Digistor, a broadcast, production and post production solutions supplier located in Sydney and Melbourne, is running a line-up of industry training courses with a special emphasis on pipelines, workflows and collaboration. They are designed for professionals who want to strengthen their existing skills or gain new ones, in order to function better when working in a team, with other teams or within a particular area of expertise.

Group Marketing Manager Mark Richards explained that when Digistor supplies a solution, it rarely incorporates a single product such as Avid Media Composer, for example. It nearly always involves multiple applications configured with hardware and other peripheral software to deliver specific content or production outcomes. “Our experience has shown that customers often need training to learn how to integrate these products into their workflow,” he said.

“This is also true of organisations that aren’t necessarily Digistor customers, who want to attract new clients or be able to extend their services by using their existing systems and equipment more effectively. Consequently, our trainers are workflow specialists with experience in real production environments: operating, training and providing support to users. They have been there - so they can bring this experience to the training sessions.”

Training Beyond the Book

Employees in a production environment often specialise in a particular piece of software. This specialization fits within a particular part of the workflow - editing rushes, compositing, rigging and colour correcting, for example – and their skill can lead to higher productivity. “However, whenever the environment, pipeline or personnel changes, the workflow has to change as well. Training placed within that context can help a company bridge any gaps more quickly,” said Mark.

“If new versions of software are released, teams need to be brought up to speed. New projects come in requiring a new integration of the tools and workflow, or a production might ramp up requiring new staff who may have the creative skills and portfolio but not the expertise in the tools on site. Sometimes a whole new studio is installed with new systems, techniques and staff mixes developed to work in that situation. In these scenarios, sending staff to a generic course to learn a particular piece of software ‘from the book’ is not enough.

“We do provide regular structured classroom training as well, which is still a good way to get new operators up to speed on Adobe Creative Cloud, for example. But often we are training small groups from individual companies, or one-on-one single users, after consultation between the trainer and the customer regarding specific outcomes.”

Integrating New Services

One of Digistor’s trainers Dave Campbell travelled to Port Macquarie, NSW, to help Derek Collins at Collins W Collins architectural services integrate 3ds Max into the company’s workflow. He spent three days working with Derek and a staff member on skills and systems to meet specific project requirements. They had mainly been working with Autodesk Revit for drafting and design, and wanted to learn to use 3ds Max for montages, presentation work and rendering. Up until then, Derek had been outsourcing this type of work, often sending it overseas, but now wanted to offer it as an in-house client service.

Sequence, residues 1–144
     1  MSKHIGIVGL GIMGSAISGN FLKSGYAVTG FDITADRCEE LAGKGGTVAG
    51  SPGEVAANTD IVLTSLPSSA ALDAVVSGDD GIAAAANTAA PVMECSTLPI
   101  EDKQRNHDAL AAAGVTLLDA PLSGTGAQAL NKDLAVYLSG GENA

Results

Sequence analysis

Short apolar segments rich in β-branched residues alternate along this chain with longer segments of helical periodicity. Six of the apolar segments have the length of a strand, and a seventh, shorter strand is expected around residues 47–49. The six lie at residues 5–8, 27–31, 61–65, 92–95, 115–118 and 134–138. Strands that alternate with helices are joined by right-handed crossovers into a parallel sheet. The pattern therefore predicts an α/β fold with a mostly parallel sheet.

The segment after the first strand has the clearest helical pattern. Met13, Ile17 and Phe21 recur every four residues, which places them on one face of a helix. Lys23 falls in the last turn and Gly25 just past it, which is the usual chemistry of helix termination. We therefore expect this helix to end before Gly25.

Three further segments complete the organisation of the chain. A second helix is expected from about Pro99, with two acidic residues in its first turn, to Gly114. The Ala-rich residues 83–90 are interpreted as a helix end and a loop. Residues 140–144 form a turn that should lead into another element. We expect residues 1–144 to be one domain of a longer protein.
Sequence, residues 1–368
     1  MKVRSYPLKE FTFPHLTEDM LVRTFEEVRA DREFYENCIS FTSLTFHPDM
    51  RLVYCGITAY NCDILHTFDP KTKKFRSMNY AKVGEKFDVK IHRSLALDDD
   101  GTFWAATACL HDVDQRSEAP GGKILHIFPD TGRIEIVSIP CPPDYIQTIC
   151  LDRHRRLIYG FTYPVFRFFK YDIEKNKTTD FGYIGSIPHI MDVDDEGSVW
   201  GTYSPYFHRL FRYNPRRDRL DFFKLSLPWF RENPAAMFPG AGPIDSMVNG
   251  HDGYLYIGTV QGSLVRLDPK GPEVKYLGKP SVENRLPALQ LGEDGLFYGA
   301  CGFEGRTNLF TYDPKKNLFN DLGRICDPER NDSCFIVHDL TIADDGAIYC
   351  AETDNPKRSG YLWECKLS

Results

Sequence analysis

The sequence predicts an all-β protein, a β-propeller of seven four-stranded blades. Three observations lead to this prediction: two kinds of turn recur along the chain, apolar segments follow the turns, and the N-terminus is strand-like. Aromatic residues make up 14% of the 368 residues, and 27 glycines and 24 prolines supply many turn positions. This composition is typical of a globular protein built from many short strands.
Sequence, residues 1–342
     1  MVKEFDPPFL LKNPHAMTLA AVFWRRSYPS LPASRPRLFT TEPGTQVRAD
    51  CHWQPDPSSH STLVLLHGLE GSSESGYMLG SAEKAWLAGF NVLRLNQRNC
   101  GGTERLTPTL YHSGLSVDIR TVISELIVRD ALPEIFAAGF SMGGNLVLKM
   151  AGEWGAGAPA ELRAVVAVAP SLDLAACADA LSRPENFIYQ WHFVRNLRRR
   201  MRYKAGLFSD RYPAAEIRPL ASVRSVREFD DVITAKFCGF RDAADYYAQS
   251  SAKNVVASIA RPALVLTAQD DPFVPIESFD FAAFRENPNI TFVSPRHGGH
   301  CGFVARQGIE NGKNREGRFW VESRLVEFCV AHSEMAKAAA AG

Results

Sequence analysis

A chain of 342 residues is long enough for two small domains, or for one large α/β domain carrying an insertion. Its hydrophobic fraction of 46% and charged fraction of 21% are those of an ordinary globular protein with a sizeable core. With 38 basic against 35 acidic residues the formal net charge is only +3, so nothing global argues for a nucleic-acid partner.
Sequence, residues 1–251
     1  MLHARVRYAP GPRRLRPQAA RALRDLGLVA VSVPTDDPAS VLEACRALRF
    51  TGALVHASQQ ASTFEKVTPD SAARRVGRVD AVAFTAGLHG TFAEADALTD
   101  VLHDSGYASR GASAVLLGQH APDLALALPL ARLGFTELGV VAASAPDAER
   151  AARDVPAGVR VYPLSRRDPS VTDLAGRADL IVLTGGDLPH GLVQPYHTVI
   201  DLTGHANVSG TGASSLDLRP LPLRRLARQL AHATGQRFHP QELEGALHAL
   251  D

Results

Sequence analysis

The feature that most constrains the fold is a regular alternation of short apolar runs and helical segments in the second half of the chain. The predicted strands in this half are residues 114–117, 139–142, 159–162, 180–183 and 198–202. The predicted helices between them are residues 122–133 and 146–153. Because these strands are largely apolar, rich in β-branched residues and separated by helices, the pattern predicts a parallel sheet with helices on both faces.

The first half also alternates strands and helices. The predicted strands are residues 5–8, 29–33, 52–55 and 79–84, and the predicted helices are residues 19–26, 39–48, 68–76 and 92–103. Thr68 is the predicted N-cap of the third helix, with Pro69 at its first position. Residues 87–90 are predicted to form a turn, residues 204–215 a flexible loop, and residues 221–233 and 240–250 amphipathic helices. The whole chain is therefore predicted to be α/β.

They had tried conventional 3ds Max courses but found they were wasting time on software basics. Once they decided to work with Dave through Digistor, however, they could send him a detailed brief of what they wanted to achieve. Derek said, “We showed him a sample project we were working on at that time and were able to continue working on it as our course project. He showed us how to export the drafting and design from Revit to 3ds Max for the montage and rendering, only outsourcing the graphics. We completed the project by the end of the training. Afterwards, it took another three or four weeks or so of practice before we were completely independent.”


Skills Plus Flexibility

For Brains Design creative agency in Sydney, the situation was different. They have booked multiple training days in different applications for employees with varied levels of skill and backgrounds. The courses included CINEMA 4D and Da Vinci Resolve plus a range of customised After Effects courses to suit different groups, from their managing director through to new and advanced users.

Nigel Allen is a 3D artist at Brains Design, and undertook some of the After Effects training with a colleague who had been working mainly in games until then. Motivated by several clients who wanted to incorporate animation into their projects, they wanted to broaden their skills from using Photoshop and Illustrator to animating in After Effects. “Animation has become an attractive option since companies started promoting themselves via Vimeo and YouTube and wanted an animated presence online,” Nigel said.

“Before starting the training, we shared some sample files with the trainer and identified some specific tasks we wanted to accomplish. One of these was the animated spectrum for Telstra, a major client at Brains, which we learned could be best achieved by using a plug-in. Now, we are not only more confident about looking for specialized plug-ins for the software but can offer After Effects as a part of our services to clients.”